From the Levant coast of Israel and Lebanon stretching westward to Greece, Italy, and North Africa, the East Mediterranean is increasingly awash in regional tensions. On July 13, officials in east Libya said they would welcome Egyptian military intervention to counter Turkish support for the rival UN-recognized government in Tripoli. Ankara’s support includes an agreement made last year on a joint maritime border that would allow for Turkish oil and natural gas exploration.
Turkey’s so-far-elusive search for hydrocarbon reserves is partly driven by the relative success of East Mediterranean gas discoveries by Cyprus, Egypt, and Israel over the past two decades. Geographically and legally, however, Ankara’s newly claimed maritime border is a stretch. The notion that Turkey and Libya have adjoining exclusive economic zones (EEZs) requires one to accept a questionable interpretation of the 1982 UN Convention on the Law of the Sea: namely, that Crete and other parts of Greece are limited to the standard 12-mile boundary allotted for sovereign claims offshore, and not the 200 miles allotted for economic claims. Additionally, Ankara made the agreement with authorities who do not control the relevant portion of Libya’s coastline. A further twist is the absence of a demarcated maritime border between Libya and Egypt. Under international law, such situations require all relevant parties to be in agreement—Cairo cannot simply be presented with a fait accompli.
One perceived motive for the Turkey-Libya agreement is to deter construction of a seabed pipeline to export Cypriot gas to European markets. Although such lines can be built through the EEZs of third countries, permission would need to be obtained first. Even if Ankara’s EEZ deal with Tripoli sidesteps this obstacle, environmental concerns, real or imagined, could introduce endless delays.
More broadly, the economic impact of coronavirus plus the expense of developing gas reserves deep below the seabed many miles from shore has caused a reevaluation of the region’s energy prospects. For example, Exxon Mobil, Houston-based Noble Energy, and Total of France all discovered significant fields in Cyprus’s EEZ before the pandemic, but they will likely delay further exploitation for several years at best. These new commercial realities are more consequential than any Turkish claims on such finds (Ankara does not recognize that Cyprus even has an EEZ).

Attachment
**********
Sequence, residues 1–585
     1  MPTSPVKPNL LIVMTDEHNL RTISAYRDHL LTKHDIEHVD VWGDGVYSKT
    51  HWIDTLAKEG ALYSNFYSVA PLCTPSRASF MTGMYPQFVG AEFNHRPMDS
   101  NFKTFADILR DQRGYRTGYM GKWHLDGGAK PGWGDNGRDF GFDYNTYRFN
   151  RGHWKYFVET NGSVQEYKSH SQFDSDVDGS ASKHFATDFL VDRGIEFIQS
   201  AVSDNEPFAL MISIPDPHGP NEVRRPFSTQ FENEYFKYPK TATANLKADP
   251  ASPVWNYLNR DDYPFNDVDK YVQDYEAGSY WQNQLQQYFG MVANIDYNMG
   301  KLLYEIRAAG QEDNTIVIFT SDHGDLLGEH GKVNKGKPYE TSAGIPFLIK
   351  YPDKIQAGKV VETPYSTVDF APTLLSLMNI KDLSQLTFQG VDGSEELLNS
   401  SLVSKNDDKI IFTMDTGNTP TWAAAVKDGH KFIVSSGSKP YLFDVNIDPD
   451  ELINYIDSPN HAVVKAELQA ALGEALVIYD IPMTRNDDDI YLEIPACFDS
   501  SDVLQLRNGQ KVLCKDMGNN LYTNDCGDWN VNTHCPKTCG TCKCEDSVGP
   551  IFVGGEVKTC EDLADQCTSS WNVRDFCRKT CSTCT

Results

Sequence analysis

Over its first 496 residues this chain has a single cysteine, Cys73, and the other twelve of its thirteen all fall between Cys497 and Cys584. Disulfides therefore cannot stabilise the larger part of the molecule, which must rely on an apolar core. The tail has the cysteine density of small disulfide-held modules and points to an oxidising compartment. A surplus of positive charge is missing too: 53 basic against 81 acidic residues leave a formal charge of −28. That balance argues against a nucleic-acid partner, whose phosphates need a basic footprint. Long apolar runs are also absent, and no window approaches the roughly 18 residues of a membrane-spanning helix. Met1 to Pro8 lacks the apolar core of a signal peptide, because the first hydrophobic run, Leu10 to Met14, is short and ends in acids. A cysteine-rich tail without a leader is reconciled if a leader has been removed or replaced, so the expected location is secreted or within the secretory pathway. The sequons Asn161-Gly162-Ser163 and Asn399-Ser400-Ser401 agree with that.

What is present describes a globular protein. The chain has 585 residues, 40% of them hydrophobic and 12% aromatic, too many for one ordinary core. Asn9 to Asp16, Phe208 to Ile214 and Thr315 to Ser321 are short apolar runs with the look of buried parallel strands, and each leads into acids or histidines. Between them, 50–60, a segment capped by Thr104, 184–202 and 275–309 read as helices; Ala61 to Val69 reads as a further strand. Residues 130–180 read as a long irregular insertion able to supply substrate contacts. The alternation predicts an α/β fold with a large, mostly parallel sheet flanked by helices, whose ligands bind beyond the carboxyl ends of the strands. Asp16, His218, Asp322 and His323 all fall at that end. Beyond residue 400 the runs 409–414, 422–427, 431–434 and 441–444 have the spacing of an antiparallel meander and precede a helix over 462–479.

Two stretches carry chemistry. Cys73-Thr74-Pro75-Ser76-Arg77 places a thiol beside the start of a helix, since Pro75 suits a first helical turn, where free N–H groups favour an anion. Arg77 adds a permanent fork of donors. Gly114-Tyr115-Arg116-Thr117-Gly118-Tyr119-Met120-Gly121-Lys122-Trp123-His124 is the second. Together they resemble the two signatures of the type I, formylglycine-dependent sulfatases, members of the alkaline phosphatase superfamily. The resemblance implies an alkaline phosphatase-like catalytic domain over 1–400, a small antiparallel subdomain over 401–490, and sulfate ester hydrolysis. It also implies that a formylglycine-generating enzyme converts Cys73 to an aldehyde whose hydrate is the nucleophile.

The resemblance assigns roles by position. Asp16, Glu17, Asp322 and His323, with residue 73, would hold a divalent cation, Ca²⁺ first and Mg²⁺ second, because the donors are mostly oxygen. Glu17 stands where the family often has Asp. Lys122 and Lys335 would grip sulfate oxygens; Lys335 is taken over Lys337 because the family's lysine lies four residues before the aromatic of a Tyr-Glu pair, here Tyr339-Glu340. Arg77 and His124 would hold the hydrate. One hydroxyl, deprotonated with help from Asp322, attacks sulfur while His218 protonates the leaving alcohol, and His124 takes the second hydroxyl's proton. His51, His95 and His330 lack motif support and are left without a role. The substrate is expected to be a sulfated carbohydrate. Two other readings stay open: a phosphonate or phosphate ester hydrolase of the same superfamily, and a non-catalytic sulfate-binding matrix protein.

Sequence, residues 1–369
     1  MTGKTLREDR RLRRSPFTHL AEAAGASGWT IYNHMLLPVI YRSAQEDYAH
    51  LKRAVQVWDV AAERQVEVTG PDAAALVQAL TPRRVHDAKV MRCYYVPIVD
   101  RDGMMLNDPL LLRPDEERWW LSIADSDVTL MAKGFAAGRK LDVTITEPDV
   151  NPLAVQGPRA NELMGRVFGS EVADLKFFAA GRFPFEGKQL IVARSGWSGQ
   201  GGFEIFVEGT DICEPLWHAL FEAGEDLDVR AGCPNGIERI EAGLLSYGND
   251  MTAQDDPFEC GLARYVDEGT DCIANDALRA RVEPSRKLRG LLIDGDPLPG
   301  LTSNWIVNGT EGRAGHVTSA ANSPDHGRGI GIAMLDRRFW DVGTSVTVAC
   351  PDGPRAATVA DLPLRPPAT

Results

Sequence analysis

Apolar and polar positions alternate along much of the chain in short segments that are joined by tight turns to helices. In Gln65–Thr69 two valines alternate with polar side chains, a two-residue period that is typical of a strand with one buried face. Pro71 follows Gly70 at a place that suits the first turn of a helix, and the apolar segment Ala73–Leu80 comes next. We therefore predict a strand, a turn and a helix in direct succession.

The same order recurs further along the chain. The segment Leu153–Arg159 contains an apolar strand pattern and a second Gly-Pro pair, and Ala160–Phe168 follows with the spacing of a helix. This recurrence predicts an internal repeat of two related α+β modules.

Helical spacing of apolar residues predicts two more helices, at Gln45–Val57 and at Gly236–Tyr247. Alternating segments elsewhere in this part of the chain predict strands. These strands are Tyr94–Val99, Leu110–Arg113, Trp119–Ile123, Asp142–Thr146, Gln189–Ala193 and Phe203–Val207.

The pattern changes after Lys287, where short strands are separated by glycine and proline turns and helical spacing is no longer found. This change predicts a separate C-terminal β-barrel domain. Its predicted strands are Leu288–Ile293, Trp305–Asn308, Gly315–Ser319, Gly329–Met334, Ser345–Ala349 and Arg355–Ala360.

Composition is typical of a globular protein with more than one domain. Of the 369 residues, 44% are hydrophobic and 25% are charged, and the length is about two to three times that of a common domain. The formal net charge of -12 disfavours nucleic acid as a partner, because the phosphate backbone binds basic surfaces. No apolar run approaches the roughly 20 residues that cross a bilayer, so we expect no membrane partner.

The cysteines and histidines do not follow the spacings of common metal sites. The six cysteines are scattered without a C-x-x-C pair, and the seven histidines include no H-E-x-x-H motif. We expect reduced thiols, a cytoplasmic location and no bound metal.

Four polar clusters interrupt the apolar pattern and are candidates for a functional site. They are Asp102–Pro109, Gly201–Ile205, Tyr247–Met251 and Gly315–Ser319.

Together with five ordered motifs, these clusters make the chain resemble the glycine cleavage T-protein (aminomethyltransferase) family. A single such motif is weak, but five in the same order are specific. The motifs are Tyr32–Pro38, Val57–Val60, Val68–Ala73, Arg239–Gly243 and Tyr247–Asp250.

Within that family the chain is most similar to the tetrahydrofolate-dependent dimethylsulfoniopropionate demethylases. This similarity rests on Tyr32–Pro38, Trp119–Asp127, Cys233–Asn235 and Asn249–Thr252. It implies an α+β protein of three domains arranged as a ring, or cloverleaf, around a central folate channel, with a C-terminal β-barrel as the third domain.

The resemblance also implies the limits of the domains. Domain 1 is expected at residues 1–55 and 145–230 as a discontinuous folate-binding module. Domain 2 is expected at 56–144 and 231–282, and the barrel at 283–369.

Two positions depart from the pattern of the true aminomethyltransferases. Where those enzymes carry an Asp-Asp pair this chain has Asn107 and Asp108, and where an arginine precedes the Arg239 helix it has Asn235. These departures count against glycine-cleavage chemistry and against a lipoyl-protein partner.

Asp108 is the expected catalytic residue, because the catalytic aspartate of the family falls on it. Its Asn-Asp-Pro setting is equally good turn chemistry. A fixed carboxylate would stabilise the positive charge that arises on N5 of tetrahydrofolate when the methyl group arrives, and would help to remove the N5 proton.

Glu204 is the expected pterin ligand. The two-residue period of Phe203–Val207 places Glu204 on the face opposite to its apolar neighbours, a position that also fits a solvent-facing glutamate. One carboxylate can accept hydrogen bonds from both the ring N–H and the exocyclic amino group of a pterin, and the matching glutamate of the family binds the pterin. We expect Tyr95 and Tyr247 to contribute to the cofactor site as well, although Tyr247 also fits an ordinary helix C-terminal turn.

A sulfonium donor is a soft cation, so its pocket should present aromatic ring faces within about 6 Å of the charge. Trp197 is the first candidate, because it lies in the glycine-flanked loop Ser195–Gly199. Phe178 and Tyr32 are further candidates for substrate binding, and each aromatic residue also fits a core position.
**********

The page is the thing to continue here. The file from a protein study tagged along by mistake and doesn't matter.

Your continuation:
The proposed $7 billion seabed pipeline from Cypriot offshore gas fields to Greece and Italy is increasingly doubtful as well given the low price of gas and the line’s dependence on finding extra reserves for profitability. The island currently plans to import gas in order to generate electricity; it has ordered a floating regasification unit to convert tanker-loads of liquefied natural gas (LNG) set to arrive on its southern coast, displacing the coal imports normally used in local power stations.
For its part, Israel is having trouble attracting exploration companies to look for new reserves in its Leviathan and Tamar fields, despite Noble Energy’s past success in finding significant deposits. The decline in gas prices means that such exploration is verging on unviable for companies. Noble and its Israeli partners negotiated a long-term price that is more expensive than what imported LNG cargoes now cost, prompting the Israel Electric Corporation to start buying LNG for additional local sales. The country may have gained energy security from its gas fields, but its dreams of a well-endowed sovereign wealth fund have ended for now, and perhaps forever.
The dominant player in East Mediterranean energy remains Egypt, whose total gas reserves are much larger than those of Israel or Cyprus. Cairo also has the advantage of a large domestic market and the capacity to export surplus volumes via two LNG plants on the Nile delta coast. Contracts are expected to be signed soon for six new offshore exploration blocks west of the delta, including two in which Noble has a stake.
Egypt’s energy success story is likely frustrating for Ankara, which views Cairo as its main rival. Even within Turkey’s expanded definition of its claimed waters, its energy exploration campaign has fallen short of its lofty goals. But one good result is that its LNG imports are now cheaper, even if most of its domestic demand still depends on long-term supply deals with Russia, Azerbaijan, and Iran.
As for Syria, any role it hopes to play in offshore exploration seems unlikely while its civil war continues, and the northeast corner of the Mediterranean is not judged with much optimism in energy terms. Lebanon has better prospects, though initial drilling off Beirut was disappointing, and more exploration seems improbable during the current political and financial crisis.
Heated regional rhetoric aside, near-term economic logic suggests that the energy aspect of East Mediterranean tensions is considerably overstated. Nevertheless, energy cooperation should still be a basis for U.S. policy engagement in the area, if only to help moderate positions that could otherwise lead to direct military confrontations.